The idea of hearing personal narratives and seeing the horrors of war being acted out by people who had first hand experience was thrilling but also sent a sense of nervousness down my very relaxed and comfortable Malaysian spine.
We’ve not had war or famine or bombs in our backyard.
Now we are going to hear and see depictions of what it was really like rather than off of a TV or computer screen.
Entering the blackbox theatre, the audience were made to walk in lines dividing us by colours. Perhaps this was done to help us feel what it was like to have our mobility suspended and rushed as refugees.
The play started out with Omar Al-Khammash serenading the audience in one of the several Middle Eastern languages incorporated into the play that evening, while strumming on a Turkish lute.
The rest of the production was melancholic, almost nostalgic as they described what it was like to leave their families back home on such short notice and travel to Malaysia.
While I noticed one other lady bawling her eyes out across the room, I sat in my chair, with an ‘ILLEGAL TO SIT’ sticker plastered on it, making my bum a source of instant misdemeanour, simply looking on to the actors illustrate their journey.
Desperation filled the air as the mothers re-enacted what it was like to ask their children to pick one item of utmost importance to bring along.
A short-lived happiness of the refugees making it to big, shiny Kuala Lumpur was portrayed, before they had to face the burdens of work, travel and education that has not yet stopped being a problem.
When Hasan Al-Akraa described what it was like to be slapped as a child by an Immigrant Official, it was like a shared slap in the face for us who are unaware of the daily abuse faced by refugees.
The message at the end of the act was clear, they were human.
“Whether we are refugees or Malaysian citizens or whatever it is that we are, we are all people and we all have the same needs. If we go beyond food and water, all every human being wants is to be safe. That’s the first and after you are safe, you need to work and you need to educate yourself. All those refugees in there, they crave education” Razif explained to me, after the play.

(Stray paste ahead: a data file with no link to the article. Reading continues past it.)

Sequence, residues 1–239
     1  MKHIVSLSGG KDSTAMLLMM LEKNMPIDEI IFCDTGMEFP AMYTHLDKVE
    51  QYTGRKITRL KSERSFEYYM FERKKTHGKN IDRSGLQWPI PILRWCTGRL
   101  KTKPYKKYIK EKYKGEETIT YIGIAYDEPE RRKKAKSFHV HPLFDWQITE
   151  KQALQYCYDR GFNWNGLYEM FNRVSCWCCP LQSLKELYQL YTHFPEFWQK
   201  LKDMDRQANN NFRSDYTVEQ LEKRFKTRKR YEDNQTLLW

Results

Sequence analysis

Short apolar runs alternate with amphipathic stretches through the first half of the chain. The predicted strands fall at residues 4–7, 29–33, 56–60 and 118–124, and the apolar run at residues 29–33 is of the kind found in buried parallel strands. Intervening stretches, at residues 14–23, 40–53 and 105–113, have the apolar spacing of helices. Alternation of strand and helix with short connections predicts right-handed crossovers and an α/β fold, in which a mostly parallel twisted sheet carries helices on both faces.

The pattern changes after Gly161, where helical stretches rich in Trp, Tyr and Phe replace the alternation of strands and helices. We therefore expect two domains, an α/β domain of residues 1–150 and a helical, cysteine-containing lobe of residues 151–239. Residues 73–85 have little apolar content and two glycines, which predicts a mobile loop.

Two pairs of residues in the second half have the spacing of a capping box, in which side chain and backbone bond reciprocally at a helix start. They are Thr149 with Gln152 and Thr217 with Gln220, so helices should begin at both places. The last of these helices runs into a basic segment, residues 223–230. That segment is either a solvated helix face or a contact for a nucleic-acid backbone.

I brought up the possible challenges Razif had faced while bringing together the play and he interjected;
“It was a huge process to get them to do acting exercises to get them to get out of their shell and be more creative. If I had put words in their mouth then it was going to come out fake. It is like giving them a script, but I didn’t want to do that because I wanted to follow the art of Arabian story telling, whereby the story is told from the heart. Excavating these stories were extremely difficult and I would say that that’s the feat that we conquered.”
He had settled my doubts of whether the narratives of the actors were scripted. It only wrenched my heart much more knowing that the stories spoke out within the surrealism of the blackbox theatre was real.
Ultimately, the FAME Festival was the product of hopeful Middle Eastern refugees and local organisations that are dedicated to their cause and humanity.
I definitely recommend everyone keep a look out for more collaboration involving the ardent trio from WaveMakers and UNHCR as well future productions by ARARA.
What are your thoughts about initiative such as these by the organisers of FAME Festival? Comment below or share with us at email@example.comTags: Razif Hashim